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In a Nutshell News from the Week of 10/21

Important testimony from the impeachment inquiry, A new Brexit deal, the Chicago public schools Strike and more

Ellen, Beth and Katie break down the news

All Week

Chicago Teachers strike

by Beth Carlson

The Chicago Public School Teachers Union made small steps towards going back to school this past week, after 25,000 teachers have been on strike since last Thursday. Over 300,000 Chicago children are out of school until a deal can be made on the basis of smaller class sizes and adding staff. Chicago Mayor Lori Lightfoot stated on Wednesday that meeting the requests may not be possible. The union has met with officials to discuss a deal, but stated they had not come to an agreement on the top priorities of the union, including class size caps. The group continued negotiations with officials in hopes of returning to school on Monday.

“During this same phone call I had with Mr. Morrison [an official at the national security council], he went on to describe a conversation Ambassador Sondland had with Mr. Yermak [an aide to zelenskyy] at Warsaw. Ambassador Sondland told Mr. Yermak that the security assistance money would not come until President Zelenskyy committed to pursue the Burisma investigation.” -Opening Statement, Ambassador William Taylor

Tuesday

Impeachment Inquiry

by Ellen Yandel

The Trump administration’s main argument that he did not pressure Ukrainian officials to investigate the Biden family was undermined on Tuesday by the testimony of William Taylor, the head diplomat to Ukraine. Describing a Sept. 1 phone call with Tim Morrison, a National Security Council aide, Taylor claimed Morrison described a conversation between ambassador to the European Union, Gordon Sondland, and an aide to Ukranian President Volodymr Zelenskyy. In that conversation, Sondland had apparently told the aide, Andriy Yermak, that the financial aid from the US would not come before a public investigation into the Bidens -- all of this occurring before the aid was restored.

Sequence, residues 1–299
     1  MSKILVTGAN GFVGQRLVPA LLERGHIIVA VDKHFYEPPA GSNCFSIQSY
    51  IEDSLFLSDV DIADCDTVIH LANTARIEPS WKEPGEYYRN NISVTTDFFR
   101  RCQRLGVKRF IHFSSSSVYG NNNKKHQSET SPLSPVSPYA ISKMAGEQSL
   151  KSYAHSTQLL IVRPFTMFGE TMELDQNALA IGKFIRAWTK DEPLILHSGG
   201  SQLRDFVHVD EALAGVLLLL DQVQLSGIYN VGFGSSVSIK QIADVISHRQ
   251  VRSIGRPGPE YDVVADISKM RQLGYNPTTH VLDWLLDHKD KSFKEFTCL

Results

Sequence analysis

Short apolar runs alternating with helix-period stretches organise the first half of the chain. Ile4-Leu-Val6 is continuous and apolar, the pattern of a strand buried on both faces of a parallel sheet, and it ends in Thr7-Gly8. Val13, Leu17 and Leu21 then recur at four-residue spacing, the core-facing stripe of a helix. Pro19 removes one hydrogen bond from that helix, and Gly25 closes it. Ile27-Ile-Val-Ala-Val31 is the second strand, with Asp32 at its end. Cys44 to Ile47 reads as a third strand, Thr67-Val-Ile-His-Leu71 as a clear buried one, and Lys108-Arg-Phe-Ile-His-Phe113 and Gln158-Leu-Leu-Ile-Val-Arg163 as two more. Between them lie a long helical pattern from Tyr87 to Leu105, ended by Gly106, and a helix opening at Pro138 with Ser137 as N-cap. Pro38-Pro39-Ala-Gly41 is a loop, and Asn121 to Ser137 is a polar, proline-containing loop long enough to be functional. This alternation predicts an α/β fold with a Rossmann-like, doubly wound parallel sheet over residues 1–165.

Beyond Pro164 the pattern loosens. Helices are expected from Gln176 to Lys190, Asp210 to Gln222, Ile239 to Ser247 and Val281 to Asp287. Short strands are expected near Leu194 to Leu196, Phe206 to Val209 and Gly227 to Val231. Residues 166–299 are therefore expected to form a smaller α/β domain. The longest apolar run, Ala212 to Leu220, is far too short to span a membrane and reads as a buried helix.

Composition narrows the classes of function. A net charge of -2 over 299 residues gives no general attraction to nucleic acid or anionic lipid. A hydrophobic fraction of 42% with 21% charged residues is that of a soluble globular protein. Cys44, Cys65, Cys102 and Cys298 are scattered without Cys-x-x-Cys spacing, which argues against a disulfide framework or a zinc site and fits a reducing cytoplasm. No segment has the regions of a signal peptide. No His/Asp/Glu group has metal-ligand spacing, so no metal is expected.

The timeline directly opposes the idea that Ukranian officials did not connect the investigation request with the aid withdrawal, as Trump has suggested. Taylor’s testimony also reinforced the role of Rudy Giuliani, Trump’s personal lawyer, in interactions with Ukraine, and revealed more about that of Attorney General William Barr.

For an in-depth look into the impeachment inquiry, read our breakdown of events here.

Tuesday

Brexit

by Ellen Yandel

The British House of Commons voted Tuesday to approve Prime Minister Boris Johnson’s Brexit bill but rejected the timetable, which would have put it on a fast-track through Parliament in just three days. The decision means that it is unlikely Britain will make the Oct. 31 Brexit deadline, though Mr. Johnson has maintained that they will leave with the approved bill on that date regardless of Parliament’s decision.

Meanwhile, President of the European Council Donald Tusk tweeted that he will advise the European Union to grant Britain the extension they requested last week to agree on a Brexit deal until January 31, 2020.

Sticking points on previously proposed Brexit legislation have mainly centered on how Northern Ireland, which is part of the UK but shares a border with the Republic of Ireland, would be affected by leaving the European Union. Northern Ireland policymakers have said they will resist the current legislation unless it is changed to be economically favorable to them -- Unionist politicians being especially interested preventing any sort of border separating the region from the rest of the U.K., something that Johnson's plan has been accused of doing. This concern, along with those such as worker’s rights without EU regulations, mean that there is no certain way forward with the current Brexit deal. Leaving without a deal, however, would have significant economic consequences for the UK, with some of the most pressing including possible food and medicine supply shortages.

Katie de waard brings you some other news...

Monday

Canada

Overcoming recent racial controversy and a corruption scandal, Canadian Prime Minister Justin Trudeau was re-elected for another four years on Oct. 21. Despite the victory, Trudeau’s Liberal Party lost twenty seats and their majority in the House of Commons to a Conservative Party wave. As a result, Trudeau will not be able to form a Liberal Party majority government, and he has already started talks with other parties to potentially form a minority government.

Wednesday-Present

UK Truck

39 people were found dead in a refrigerated container truck in Grays, a town in East London. In a statement from Essex Police, the victims, eight women and 31 men confirmed dead, were “believed to be Chinese nationals,” although recent speculation indicates some of the victims may be Vietnamese nationals, and were potentially being smuggled into the United Kingdom. The 25-year-old driver has been charged with 39 counts of manslaughter, conspiracy to traffic people, conspiracy to assist unlawful immigration, and money laundering. He is expected to appear in court on Monday. The police also arrested three other people on manslaughter and conspiracy to traffic people, but they were all released on bail until mid-November. Since 2014, the United Nations recorded five other possible migrants have died in containers trying to enter the United Kingdom.

Image Attribution

  1. "Chicago Teachers Strike" image from Charles Edward Miller licensed under CC BY-SA 2.0
  2. "Impeachment Inquiry" image from the State Department
  3. "Brexit" image from Diliff licensed under CC BY-SA 2.5